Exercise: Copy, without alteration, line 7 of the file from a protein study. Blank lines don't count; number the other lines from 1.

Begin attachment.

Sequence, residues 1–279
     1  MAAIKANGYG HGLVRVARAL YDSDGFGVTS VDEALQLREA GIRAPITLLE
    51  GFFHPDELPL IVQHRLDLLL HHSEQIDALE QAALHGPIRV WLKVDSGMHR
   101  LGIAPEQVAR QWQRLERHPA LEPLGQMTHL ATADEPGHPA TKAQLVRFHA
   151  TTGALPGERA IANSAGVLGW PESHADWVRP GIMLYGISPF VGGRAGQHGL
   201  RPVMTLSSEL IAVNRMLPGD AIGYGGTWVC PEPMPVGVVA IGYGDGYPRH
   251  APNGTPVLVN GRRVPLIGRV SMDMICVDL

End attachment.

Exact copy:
   251  APNGTPVLVN GRRVPLIGRV SMDMICVDL